Advanced Search
MyIDEAS: Login to save this article or follow this journal

Is Cost-of-Service Regulation Worth the Cost?

Contents:

Author Info

  • Timothy Brennan

Abstract

Cost-of-service regulation that reduces prices will also reduce incentives to control cost. Increased output counteracts this trend when there are economies of scale. We derive closed-form approximations for the maximum cost increase that leaves a positive welfare gain when regulation reduces price by some percentage. To be useful to regulators, these approximations depend only on demand elasticity and the ratio of fixed to total cost. For low demand elasticities typical of regulated industries, price must fall by half to outweigh cost increases of as little as 2%. Cost-of-service regulation appears to reduce welfare unless economies of scale are strong. These conclusions may be reversed if regulators favor consumers, but only a slight bias in favor of the firm exacerbates them. Regulatory methods that preserve incentives to be efficient by divorcing price from cost become more appealing.

Download Info

If you experience problems downloading a file, check if you have the proper application to view it first. In case of further problems read the IDEAS help page. Note that these files are not on the IDEAS site. Please be patient as the files may be large.
File URL: http://www.tandfonline.com/10.1080/758533486
Download Restriction: Access to full text is restricted to subscribers.

As the access to this document is restricted, you may want to look for a different version under "Related research" (further below) or search for a different version of it.

Bibliographic Info

Article provided by Taylor & Francis Journals in its journal International Journal of the Economics of Business.

Volume (Year): 3 (1996)
Issue (Month): 1 ()
Pages: 25-42

as in new window
Handle: RePEc:taf:ijecbs:v:3:y:1996:i:1:p:25-42

Contact details of provider:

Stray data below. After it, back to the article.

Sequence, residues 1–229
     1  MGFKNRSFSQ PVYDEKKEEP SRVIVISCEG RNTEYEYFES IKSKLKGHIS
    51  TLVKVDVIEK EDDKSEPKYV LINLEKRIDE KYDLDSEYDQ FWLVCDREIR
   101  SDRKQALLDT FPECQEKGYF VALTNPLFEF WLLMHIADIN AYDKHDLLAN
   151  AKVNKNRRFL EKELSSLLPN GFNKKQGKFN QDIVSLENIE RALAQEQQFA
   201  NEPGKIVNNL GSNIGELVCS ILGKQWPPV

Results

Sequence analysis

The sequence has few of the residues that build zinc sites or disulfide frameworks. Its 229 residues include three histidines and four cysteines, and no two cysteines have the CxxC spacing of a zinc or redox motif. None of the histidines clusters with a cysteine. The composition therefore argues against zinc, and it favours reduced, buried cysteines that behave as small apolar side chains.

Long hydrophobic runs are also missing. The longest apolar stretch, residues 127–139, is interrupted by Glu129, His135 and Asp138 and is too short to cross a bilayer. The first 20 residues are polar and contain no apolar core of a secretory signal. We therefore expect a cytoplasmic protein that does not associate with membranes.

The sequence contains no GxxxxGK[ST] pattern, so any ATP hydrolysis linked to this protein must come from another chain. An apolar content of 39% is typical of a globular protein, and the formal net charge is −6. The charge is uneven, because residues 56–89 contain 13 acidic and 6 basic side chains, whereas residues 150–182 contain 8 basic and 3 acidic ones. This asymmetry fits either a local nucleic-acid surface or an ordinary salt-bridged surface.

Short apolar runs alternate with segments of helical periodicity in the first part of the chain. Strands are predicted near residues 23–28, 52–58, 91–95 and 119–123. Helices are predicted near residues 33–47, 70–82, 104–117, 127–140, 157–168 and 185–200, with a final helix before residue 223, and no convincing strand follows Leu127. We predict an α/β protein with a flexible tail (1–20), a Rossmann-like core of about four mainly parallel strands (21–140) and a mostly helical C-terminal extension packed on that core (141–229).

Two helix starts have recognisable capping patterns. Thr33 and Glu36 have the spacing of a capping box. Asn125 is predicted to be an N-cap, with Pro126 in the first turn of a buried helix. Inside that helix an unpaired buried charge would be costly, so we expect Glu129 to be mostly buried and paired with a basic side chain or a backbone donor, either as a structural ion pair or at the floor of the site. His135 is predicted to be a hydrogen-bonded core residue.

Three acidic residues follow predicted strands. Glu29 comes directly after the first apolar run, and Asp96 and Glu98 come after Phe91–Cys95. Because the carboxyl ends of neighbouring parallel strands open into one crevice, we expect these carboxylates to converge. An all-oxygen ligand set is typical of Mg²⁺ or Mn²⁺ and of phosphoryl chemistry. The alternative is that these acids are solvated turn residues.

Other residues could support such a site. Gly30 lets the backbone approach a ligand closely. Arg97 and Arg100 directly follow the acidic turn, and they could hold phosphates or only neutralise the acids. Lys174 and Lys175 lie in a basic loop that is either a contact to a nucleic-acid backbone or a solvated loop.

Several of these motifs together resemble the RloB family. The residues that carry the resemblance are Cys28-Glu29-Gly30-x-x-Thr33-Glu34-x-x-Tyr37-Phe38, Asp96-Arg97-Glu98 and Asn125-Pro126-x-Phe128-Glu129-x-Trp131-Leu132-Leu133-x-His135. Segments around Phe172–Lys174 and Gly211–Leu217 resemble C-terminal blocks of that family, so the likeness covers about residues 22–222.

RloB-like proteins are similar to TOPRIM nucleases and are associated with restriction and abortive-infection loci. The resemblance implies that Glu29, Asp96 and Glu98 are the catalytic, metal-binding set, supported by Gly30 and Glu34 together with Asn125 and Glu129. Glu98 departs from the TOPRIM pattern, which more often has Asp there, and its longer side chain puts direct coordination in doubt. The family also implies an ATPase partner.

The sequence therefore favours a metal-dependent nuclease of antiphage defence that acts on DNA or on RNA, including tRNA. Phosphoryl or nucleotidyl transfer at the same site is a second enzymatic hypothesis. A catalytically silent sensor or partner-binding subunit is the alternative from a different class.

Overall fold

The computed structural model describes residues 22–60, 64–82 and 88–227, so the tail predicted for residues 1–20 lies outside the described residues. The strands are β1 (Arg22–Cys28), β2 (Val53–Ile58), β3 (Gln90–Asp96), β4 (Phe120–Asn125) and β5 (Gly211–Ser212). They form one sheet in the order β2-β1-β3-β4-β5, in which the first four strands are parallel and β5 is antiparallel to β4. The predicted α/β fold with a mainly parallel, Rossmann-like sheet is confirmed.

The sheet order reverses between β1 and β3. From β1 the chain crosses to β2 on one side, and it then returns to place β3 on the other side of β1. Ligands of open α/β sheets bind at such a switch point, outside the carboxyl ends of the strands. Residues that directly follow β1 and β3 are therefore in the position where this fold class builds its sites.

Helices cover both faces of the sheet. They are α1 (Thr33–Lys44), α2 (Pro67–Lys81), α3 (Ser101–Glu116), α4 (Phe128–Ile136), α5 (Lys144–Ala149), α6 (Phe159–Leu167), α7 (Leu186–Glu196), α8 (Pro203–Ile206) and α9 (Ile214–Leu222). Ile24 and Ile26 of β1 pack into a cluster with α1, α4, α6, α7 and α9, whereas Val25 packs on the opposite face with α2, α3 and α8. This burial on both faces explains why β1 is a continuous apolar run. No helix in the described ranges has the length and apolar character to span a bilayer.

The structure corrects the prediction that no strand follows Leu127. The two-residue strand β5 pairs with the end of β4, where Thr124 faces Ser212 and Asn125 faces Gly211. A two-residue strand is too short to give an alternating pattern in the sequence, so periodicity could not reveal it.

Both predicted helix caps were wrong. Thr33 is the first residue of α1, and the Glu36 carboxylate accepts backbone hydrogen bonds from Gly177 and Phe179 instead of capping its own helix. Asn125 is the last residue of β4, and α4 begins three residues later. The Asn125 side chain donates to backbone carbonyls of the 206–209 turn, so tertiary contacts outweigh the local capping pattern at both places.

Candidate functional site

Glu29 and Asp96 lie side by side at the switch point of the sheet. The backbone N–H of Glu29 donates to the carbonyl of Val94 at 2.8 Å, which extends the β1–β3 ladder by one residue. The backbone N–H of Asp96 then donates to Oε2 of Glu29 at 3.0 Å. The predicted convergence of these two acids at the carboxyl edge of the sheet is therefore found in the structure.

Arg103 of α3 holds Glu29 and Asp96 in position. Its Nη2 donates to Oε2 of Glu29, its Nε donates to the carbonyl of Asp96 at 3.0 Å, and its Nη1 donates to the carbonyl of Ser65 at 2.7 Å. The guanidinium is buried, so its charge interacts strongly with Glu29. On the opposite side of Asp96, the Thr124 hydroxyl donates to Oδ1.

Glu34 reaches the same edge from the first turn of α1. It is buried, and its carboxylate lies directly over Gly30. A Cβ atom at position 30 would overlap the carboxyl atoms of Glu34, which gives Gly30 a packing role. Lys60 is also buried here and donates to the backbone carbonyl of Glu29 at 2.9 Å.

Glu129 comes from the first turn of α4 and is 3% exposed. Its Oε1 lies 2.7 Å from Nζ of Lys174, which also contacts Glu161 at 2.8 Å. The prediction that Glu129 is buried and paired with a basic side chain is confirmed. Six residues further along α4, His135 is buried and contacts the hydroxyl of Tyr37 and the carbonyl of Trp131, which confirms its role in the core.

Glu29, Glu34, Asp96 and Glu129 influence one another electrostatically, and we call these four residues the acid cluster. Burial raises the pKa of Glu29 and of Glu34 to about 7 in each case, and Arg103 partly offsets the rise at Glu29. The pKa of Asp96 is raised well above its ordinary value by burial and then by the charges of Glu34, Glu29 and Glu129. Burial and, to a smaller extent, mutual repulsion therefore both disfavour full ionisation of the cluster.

Web page: http://www.tandfonline.com/CIJB20

Order Information:
Web: http://www.tandfonline.com/pricing/journal/CIJB20

Related research

Keywords: Regulation; Cost-of-service; Rate-of-return; Incentive regulation; JEL classifications: L51; L21; D21; D78.key;

Find related papers by JEL classification:

References

No references listed on IDEAS
You can help add them by filling out this form.

Citations

Citations are extracted by the CitEc Project, subscribe to its RSS feed for this item.
as in new window

Cited by:
  1. Brennan, Timothy, 1999. "Do Lower Prices For Polluting Goods Make Environmental Externalities Worse?," Discussion Papers, Resources For the Future dp-99-40, Resources For the Future.
  2. Timothy Brennan, 2013. "Mitigating Monopoly or Preventing Discrimination: Comparing Antitrust to Regulatory Goals in the Interstate Commerce Act," Review of Industrial Organization, Springer, Springer, vol. 43(1), pages 103-119, August.

Lists

This item is not listed on Wikipedia, on a reading list or among the top items on IDEAS.

Statistics

Access and download statistics

Corrections

When requesting a correction, please mention this item's handle: RePEc:taf:ijecbs:v:3:y:1996:i:1:p:25-42. See general information about how to correct material in RePEc.

For technical questions regarding this item, or to correct its authors, title, abstract, bibliographic or download information, contact: (Michael McNulty).

If you have authored this item and are not yet registered with RePEc, we encourage you to do it here. This allows to link your profile to this item. It also allows you to accept potential citations to this item that we are uncertain about.

If references are entirely missing, you can add them using this form.

If the full references list an item that is present in RePEc, but the system did not link to it, you can help with this form.

If you know of missing items citing this one, you can help us creating those links by adding the relevant references in the same way as above, for each refering item. If you are a registered author of this item, you may also want to check the "citations" tab in your profile, as there may be some citations waiting for confirmation.

Please note that corrections may take a couple of weeks to filter through the various RePEc services.